Wait! I’ve built my current safe space in my bedroom, with my knees up. i think i could do this with a yoga mat and a pillow in the midst of traveling. finding a comfortable position. Wow, this is such a big deal. and this is where i so admire my college friend Lauren Hall for the work she does with supportive housing in SF. And I leave it at that cuz i want to talk about it more, but another day: stillness calls (but i did end up making the time)


Driving along the canyon road,  I was thinking about a dog that’d gotten bit by a rattlesnake. I wondered how many rattlesnakes lived in that canyon. I figured the number is finite, but to have a finite number you have to have a border or a boundary, saying, “within this designated space, there are exactly this many rattlesnakes. today.”  because along with a spacial boundary we need a time boundary as well. To get to a finite number you need to point to something very specific.

The I thought about how much life is in the canyon. and i believe the answer is an infinite amount. Even if you identify some geography and say “how much life is in that space” you can’t really itemize it because everything about it is in an unchanging state of changing. So at one nanosecond, the ratio between dirt and grasses, trees and insects, fungi and molds, reptiles and animals has one answer, but a nanosecond later, this lizard has lost its life, these insects have had a boon to their economy and water  conditions changed as algae bloomed. It is not finite. yet life is in the finite. in it. infinite. right there, and everywhere else, too. infinitely.

The permutations of life on earth are at least relatively finite. Massive changes plop down (fire. books. electric light. plastic) and switch up the dynamics endlessly, but there are so many endless variations, all playing themselves out. The infinite. In the finite. And back again.


I want to end this post here, because there’s a completeness of the feeling I had and I fear going on much more will come from struggle and I want to come from curiosity and openness. but i’m not out of time, and so I want to continue to write. I’ve spent so much time on the Udemy writing I have somewhat neglected these postings. but only kindof. isn’t that the story of my life. i am ready to transcend the stories, perhaps exactly through including them, but that’s another story. The next story I want to talk about is grief. and i still have 5 minutes. so here we go.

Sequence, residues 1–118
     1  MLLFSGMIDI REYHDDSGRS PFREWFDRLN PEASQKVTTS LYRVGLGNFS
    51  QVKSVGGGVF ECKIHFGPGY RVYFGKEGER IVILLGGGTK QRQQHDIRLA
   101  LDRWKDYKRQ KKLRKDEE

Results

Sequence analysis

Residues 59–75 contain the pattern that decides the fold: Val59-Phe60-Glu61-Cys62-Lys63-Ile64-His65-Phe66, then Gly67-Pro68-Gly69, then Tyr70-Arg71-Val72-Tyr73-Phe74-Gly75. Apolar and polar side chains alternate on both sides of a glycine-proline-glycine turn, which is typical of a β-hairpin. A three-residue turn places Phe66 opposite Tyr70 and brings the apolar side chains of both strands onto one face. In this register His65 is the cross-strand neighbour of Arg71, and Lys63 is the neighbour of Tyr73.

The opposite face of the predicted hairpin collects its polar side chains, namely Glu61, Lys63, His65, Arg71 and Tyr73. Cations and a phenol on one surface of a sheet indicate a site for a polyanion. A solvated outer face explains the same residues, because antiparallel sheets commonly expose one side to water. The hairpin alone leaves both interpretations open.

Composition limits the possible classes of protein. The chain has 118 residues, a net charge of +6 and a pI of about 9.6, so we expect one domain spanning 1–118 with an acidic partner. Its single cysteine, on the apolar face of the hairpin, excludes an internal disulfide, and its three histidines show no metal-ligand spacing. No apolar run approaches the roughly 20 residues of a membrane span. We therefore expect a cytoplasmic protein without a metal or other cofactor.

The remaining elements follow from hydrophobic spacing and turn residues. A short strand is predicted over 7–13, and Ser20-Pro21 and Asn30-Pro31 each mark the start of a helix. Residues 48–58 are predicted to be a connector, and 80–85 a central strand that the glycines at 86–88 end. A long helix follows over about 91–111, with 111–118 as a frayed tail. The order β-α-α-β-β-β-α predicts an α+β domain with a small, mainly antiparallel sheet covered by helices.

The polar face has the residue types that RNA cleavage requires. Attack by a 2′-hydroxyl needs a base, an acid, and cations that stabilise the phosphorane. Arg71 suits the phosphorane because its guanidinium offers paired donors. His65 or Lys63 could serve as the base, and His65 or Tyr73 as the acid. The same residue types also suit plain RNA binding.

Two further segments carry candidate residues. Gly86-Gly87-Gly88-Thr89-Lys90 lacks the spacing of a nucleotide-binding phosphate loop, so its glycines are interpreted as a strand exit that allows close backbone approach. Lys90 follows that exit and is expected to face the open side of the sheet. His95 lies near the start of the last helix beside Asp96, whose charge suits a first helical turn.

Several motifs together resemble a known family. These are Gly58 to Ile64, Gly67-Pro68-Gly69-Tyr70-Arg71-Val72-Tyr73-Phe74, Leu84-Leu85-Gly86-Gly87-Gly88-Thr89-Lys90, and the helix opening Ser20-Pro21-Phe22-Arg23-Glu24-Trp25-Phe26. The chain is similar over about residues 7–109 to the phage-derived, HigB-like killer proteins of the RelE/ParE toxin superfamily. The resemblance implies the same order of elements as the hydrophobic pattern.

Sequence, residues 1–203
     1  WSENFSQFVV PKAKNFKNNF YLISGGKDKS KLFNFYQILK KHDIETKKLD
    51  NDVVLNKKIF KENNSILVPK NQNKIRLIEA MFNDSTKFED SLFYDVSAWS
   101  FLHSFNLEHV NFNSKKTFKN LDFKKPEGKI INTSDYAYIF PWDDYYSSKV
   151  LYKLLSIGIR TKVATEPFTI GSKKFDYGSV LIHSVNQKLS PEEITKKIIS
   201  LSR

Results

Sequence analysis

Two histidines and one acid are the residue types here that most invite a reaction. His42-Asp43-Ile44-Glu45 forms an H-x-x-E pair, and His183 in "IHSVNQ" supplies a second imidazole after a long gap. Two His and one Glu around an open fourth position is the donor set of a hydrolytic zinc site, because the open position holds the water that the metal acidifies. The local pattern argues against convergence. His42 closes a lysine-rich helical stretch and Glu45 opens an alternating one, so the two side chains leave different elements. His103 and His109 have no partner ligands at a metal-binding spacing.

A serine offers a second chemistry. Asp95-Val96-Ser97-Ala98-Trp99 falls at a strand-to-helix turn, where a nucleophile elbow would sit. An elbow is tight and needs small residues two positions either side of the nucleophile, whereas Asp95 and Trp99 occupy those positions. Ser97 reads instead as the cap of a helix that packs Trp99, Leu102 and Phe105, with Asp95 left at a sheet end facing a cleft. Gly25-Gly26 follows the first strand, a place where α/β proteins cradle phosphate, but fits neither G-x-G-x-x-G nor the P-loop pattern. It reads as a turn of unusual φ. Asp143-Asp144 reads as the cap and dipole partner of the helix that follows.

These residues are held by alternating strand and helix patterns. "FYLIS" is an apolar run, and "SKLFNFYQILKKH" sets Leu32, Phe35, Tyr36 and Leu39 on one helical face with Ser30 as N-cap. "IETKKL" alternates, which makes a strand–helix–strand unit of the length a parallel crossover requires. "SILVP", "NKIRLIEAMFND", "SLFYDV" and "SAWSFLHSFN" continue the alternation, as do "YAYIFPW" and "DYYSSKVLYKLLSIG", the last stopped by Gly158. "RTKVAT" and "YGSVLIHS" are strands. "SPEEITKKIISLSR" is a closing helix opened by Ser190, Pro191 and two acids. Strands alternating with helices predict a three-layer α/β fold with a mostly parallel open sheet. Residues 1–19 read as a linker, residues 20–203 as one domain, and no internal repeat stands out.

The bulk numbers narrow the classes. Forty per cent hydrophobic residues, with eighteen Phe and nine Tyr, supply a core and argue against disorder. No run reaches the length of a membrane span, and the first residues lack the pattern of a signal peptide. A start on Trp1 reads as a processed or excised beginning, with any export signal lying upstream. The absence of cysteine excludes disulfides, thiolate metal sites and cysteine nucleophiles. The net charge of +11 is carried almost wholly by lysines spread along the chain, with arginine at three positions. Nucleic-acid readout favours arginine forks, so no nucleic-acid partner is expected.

In my experience of grieving my health and the missed expectations, I imagined my grief sitting next to me on a porch, looking at a stunning view. Most of the time we just sat there, me and grief. sometimes we talked, but not too much. it didn’t necessarily change my pain, but it changed my relationship to the pain. Whether or not you are in pain we can all learn from this lesson of presence, befriending the ostracized and just being.

Spending time in this way, I began to accept my body as a teacher, as an instrument of life itself, expressing. I turned my attention to fulfilling my role: tending my time, feeding and caring for my body, choosing my worldview. And my worldview mostly looked like: I am certain i can make a best of this. Little did I know. It began to make the best of me. But that’s another story…

Allowing the grief, feeling where it sits in the body, relaxing into it and breathing. Asking it questions. Feeling the changes, listening to them. spending time just being in a state of listening – not a state of thinking, but a state of feeling. I read the other day that you can’t do both at the same time, and in my experience over these several days, as i am present in the body my mind pauses, but then i pop back into it to report on whatever that feeling was so i can judge it as good or bad or anything else. That dynamic usually gets a fraction of a second in a feeling state and the next 30 seconds- to several hours- thinking about it. That’s the pattern we’re changing the ratio on. More feeling, breathing, smiling – it naturally pushes aside the worrying, fretting and trying to control. just for a second. but, oh, what a second.